We are Imazighen: The Development of Algerian Berber Identity in Twentieth-Century Literature and Cu (BOK)

Fazia Aitel

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To the world they are known as Berbers, but they prefer to call themselves Imazighen, or "free people." The claim to this unique cultural identity has been felt most acutely in Algeria in the Kabylia region, where an Amazigh consciousness gradually emerged after WWII. This is a valuable model for other Amazigh movements in North Africa, where the existence of an Amazigh language and culture is denied or dismissed in countries such as Morocco, Algeria, Tunisia, and Libya.

By tracing the cultural production of the Kabyle people--their songs, oral traditions, and literature--from the early 1930s to the end of the twentieth century, Fazia Aitel shows how they have defined their own culture over time, both within Algeria and in its diaspora. She analyzes the role of Amazigh identity in the works of novelists such as Mouloud Feraoun, Tahar Djaout, and Assia Djebar, and she investigates the intersection of Amazigh consciousness and the Beur movement in France. She also addresses the political and social role of the Kabyles in Algeria and in France, where after independence it was easier for the Berber community to express and organize itself.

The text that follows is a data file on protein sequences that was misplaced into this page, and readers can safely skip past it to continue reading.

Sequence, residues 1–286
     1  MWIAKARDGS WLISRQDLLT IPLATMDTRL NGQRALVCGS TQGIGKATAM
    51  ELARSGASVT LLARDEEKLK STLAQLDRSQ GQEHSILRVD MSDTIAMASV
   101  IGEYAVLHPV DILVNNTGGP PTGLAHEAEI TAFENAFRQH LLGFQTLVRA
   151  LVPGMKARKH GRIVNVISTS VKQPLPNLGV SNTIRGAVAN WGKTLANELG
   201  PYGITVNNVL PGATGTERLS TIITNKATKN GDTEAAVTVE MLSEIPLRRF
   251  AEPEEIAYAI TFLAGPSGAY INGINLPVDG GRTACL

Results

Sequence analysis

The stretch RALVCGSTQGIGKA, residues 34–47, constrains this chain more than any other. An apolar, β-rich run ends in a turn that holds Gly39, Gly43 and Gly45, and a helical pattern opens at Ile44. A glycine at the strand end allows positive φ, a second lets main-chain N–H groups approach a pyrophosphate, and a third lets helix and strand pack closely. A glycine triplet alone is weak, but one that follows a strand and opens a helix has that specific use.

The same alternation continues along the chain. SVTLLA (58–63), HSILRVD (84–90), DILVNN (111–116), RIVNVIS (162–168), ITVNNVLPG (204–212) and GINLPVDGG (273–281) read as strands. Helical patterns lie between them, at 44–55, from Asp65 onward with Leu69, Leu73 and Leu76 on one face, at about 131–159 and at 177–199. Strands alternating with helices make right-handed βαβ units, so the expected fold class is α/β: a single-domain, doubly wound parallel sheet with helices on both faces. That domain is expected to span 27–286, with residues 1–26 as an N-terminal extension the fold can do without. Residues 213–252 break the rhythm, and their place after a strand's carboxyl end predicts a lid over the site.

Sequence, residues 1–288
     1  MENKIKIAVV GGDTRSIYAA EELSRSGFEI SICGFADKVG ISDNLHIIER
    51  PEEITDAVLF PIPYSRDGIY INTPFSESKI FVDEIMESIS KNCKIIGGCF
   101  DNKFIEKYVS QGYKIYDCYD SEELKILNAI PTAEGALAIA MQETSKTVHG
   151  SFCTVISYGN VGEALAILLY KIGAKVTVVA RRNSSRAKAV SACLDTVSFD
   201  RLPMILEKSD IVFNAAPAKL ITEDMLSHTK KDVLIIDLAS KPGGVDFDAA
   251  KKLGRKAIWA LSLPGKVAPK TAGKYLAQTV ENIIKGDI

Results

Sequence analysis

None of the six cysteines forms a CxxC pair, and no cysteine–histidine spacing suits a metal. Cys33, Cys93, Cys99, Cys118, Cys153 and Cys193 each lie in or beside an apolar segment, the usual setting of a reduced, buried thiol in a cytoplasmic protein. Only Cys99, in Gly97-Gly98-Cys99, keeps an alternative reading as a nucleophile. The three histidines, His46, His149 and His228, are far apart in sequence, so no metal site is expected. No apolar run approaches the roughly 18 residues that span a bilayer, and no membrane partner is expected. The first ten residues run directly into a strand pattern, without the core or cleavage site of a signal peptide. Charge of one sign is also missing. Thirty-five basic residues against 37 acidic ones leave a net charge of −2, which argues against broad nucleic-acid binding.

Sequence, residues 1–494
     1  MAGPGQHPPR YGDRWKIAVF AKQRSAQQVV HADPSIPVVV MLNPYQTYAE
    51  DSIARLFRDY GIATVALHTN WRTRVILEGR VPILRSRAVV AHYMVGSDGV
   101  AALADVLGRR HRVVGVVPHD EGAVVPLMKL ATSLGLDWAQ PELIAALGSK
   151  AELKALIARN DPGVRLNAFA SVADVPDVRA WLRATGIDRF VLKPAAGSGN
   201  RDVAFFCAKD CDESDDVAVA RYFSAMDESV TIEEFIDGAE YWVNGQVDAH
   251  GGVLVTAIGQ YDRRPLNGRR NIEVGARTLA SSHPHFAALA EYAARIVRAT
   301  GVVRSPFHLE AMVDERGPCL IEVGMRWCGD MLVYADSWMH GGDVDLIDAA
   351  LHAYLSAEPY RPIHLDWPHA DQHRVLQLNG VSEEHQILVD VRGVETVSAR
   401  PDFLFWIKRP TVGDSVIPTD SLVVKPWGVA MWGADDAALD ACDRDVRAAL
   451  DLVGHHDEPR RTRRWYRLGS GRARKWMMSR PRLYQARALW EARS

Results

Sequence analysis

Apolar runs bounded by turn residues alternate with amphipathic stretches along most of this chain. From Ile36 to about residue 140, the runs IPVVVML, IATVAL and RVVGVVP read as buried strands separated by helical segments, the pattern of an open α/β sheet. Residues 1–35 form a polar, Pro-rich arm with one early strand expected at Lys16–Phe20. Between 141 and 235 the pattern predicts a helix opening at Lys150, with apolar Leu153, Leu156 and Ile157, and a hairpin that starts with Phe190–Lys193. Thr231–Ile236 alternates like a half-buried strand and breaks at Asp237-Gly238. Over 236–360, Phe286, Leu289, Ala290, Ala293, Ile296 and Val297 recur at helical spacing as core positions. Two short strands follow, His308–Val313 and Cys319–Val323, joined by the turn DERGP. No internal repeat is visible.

Ultimately, Aitel argues that the Amazigh literary tradition is founded on dual priorities: the desire to foster a genuine dialogue while retaining a unique culture.


Språk Engelsk Engelsk Innbinding Innbundet
Utgitt 2014 Forfatter Fazia Aitel
Turpin DEDS Orphans
ISBN 9780813049397
Antall sider 304 Dimensjoner 15,2cm x 22,9cm x 2,4cm
Vekt 603 gram Leverandør Bertram Trading Ltd
Emner og form Literary studies: from c 1900 -, Social & cultural anthropology, ethnography, Indigenous peoples